and quantity chosen by the monopolist does not interact
with the prices and quantities chosen by other firms.
 That is never perfectly accurate since demand for
each good is affected by the prices of most other
goods, at least through the income effect.
• For example, the demand for computers is affected by the
price of gas.

We later (Part B) consider more complex and realistic
monopoly models where prices and quantity choices
interact with other firms, with those firms producing
either substitutes (like different kinds of computers) or
complements (like computer hardware and software).
BA 445 Lesson A.9 Monopolistic Markets
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Monopolistic Price and Quantity
Monopoly verses Perfect Competition
• Monopoly verses Perfect Competition differ in the
potential entry of new firms:
 Perfect competition has free entry of firms producing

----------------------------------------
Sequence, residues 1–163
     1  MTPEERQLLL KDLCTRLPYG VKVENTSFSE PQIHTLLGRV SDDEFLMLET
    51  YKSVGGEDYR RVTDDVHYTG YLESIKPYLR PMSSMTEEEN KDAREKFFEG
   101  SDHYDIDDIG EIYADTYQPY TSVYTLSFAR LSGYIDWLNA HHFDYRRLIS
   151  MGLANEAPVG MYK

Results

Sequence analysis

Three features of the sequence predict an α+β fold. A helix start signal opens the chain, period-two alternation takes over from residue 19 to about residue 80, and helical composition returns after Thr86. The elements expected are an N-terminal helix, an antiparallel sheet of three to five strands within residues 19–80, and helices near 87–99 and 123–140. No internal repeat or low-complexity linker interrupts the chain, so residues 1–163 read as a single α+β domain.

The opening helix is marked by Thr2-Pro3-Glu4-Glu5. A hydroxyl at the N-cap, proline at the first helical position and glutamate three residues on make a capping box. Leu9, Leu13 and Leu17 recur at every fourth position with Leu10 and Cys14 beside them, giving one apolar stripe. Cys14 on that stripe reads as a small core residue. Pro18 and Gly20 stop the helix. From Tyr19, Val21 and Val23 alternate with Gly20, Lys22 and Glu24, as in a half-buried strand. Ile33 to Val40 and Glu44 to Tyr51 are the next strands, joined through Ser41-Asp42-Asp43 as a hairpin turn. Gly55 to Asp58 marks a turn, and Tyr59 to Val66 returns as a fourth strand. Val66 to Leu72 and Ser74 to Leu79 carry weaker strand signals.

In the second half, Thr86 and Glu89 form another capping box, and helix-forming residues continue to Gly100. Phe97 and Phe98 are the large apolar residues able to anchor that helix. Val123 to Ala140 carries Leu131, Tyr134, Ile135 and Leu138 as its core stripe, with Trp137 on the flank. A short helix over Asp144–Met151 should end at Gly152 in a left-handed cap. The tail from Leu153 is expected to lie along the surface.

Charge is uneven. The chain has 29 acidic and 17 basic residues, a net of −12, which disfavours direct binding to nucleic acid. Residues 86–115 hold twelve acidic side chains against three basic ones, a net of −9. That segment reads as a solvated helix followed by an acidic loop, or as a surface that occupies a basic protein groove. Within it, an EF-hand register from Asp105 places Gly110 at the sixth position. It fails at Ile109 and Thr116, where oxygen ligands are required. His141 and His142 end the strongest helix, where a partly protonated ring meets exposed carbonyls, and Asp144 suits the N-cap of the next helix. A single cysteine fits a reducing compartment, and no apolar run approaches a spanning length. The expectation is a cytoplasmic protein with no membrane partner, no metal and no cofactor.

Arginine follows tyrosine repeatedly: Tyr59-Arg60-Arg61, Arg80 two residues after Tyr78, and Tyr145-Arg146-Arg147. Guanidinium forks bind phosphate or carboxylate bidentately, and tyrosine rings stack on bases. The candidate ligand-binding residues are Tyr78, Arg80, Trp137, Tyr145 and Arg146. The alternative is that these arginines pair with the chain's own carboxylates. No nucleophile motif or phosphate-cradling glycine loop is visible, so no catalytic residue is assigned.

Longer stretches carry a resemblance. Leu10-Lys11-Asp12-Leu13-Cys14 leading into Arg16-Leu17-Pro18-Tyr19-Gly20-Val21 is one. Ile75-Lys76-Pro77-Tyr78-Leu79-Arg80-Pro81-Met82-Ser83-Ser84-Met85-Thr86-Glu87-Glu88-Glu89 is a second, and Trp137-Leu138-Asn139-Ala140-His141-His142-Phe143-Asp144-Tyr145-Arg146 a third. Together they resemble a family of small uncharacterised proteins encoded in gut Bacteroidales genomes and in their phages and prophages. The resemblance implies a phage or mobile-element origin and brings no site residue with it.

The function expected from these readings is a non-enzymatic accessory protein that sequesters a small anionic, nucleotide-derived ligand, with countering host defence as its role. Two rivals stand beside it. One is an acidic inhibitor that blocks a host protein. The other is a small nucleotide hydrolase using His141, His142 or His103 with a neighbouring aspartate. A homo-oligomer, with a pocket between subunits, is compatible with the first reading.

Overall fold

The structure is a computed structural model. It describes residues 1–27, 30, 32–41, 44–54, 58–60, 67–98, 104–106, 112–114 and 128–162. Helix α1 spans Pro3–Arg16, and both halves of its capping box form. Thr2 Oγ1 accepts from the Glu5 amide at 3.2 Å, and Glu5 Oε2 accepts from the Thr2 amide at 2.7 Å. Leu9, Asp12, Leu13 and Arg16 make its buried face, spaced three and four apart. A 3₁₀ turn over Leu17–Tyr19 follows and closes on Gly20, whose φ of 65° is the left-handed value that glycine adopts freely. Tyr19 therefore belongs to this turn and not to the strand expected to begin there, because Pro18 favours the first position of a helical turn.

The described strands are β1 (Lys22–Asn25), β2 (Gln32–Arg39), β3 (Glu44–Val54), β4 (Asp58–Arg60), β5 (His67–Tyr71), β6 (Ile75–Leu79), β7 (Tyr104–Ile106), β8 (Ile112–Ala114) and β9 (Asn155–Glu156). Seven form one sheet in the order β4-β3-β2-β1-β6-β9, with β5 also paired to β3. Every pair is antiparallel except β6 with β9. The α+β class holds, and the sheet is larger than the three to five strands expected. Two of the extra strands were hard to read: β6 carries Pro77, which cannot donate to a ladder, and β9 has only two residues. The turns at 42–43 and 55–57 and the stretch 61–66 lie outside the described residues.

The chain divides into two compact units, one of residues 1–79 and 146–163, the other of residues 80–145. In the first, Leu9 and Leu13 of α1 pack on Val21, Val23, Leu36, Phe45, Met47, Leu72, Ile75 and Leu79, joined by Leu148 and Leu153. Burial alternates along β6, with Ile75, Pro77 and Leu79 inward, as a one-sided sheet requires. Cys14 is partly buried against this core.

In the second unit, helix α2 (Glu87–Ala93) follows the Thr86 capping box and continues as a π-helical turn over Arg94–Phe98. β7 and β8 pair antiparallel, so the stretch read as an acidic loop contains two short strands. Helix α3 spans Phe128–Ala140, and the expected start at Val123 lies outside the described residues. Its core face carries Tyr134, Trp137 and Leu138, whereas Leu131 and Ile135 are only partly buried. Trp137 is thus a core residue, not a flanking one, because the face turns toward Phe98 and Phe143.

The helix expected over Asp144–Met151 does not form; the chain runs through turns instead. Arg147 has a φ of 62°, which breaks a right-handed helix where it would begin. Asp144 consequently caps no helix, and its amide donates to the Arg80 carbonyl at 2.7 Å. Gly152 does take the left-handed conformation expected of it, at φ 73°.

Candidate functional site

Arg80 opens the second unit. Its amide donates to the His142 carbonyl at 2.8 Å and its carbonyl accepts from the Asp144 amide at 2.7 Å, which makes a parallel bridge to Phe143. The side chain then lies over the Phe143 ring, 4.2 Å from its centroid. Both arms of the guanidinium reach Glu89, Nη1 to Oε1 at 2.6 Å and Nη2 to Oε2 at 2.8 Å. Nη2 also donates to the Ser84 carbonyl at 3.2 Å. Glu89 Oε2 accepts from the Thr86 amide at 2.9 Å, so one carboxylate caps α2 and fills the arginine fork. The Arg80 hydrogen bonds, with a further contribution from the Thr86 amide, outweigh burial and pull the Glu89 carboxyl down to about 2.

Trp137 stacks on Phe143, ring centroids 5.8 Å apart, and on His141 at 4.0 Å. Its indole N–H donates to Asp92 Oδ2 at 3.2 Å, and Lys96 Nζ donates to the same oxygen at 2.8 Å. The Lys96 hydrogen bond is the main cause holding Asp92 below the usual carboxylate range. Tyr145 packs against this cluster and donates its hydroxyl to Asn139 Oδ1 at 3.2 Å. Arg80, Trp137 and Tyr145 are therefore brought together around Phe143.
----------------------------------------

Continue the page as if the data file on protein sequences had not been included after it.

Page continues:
perfect substitutes.
• Any such entry takes the long-run since it takes the
long-run to adjust rented or owned capital.
• Monopoly has no entry of firms producing perfect
substitutes.
• The simplest monopoly model further assumes there is
no entry of firms whose prices or quantities affect the
demand for the monopolist’s product.
BA 445 Lesson A.9 Monopolistic Markets
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Monopolistic Price and Quantity
Natural Source of Monopoly Power
• The primary natural source of monopoly power is
economies of scale, meaning it is cheaper for one
firm to produce or supply a single product that it is to
divide production or supply between many firms.
• For example, it is cheaper to have a single grocery in
a neighborhood.
 When monopoly power comes from being the only
supplier in a neighborhood, call it a local
monopoly.
BA 445 Lesson A.9 Monopolistic Markets
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Monopolistic Price and Quantity
Artificial Sources of Monopoly Power
• Patents, copyrights, and other legal barriers to enter
an industry generate and sustain monopoly power.
 Copyrighted movies are monopolies because
there are no perfect substitutes.
 Monopoly power is limited by the closeness of
substitutes (like pirated copies of Armageddon, or
similar movies like Deep Impact)
• Collusion can generate monopoly power.
 OPEC (Organization of the Petroleum Exporting
Countries) would be a monopoly if all exporting
countries were included.
• Its monopoly power is limited by substitutes for